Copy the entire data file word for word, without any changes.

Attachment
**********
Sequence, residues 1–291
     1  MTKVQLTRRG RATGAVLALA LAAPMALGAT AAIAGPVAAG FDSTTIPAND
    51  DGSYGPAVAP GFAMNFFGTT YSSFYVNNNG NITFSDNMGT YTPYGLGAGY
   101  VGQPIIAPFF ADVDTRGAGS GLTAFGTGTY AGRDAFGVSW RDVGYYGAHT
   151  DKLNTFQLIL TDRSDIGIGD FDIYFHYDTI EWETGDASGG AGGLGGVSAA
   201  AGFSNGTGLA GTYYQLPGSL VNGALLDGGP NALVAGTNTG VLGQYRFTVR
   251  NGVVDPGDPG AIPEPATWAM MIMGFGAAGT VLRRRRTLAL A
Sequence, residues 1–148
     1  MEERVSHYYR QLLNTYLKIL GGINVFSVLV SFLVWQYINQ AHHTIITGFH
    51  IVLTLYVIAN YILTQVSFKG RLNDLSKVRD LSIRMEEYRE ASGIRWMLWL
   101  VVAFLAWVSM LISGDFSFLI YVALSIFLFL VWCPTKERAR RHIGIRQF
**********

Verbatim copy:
Sequence, residues 1–291
     1  MTKVQLTRRG RATGAVLALA LAAPMALGAT AAIAGPVAAG FDSTTIPAND
    51  DGSYGPAVAP GFAMNFFGTT YSSFYVNNNG NITFSDNMGT YTPYGLGAGY
   101  VGQPIIAPFF ADVDTRGAGS GLTAFGTGTY AGRDAFGVSW RDVGYYGAHT
   151  DKLNTFQLIL TDRSDIGIGD FDIYFHYDTI EWETGDASGG AGGLGGVSAA
   201  AGFSNGTGLA GTYYQLPGSL VNGALLDGGP NALVAGTNTG VLGQYRFTVR
   251  NGVVDPGDPG AIPEPATWAM MIMGFGAAGT VLRRRRTLAL A
Sequence, residues 1–148
     1  MEERVSHYYR QLLNTYLKIL GGINVFSVLV SFLVWQYINQ AHHTIITGFH
    51  IVLTLYVIAN YILTQVSFKG RLNDLSKVRD LSIRMEEYRE ASGIRWMLWL
   101  VVAFLAWVSM LISGDFSFLI YVALSIFLFL VWCPTKERAR RHIGIRQF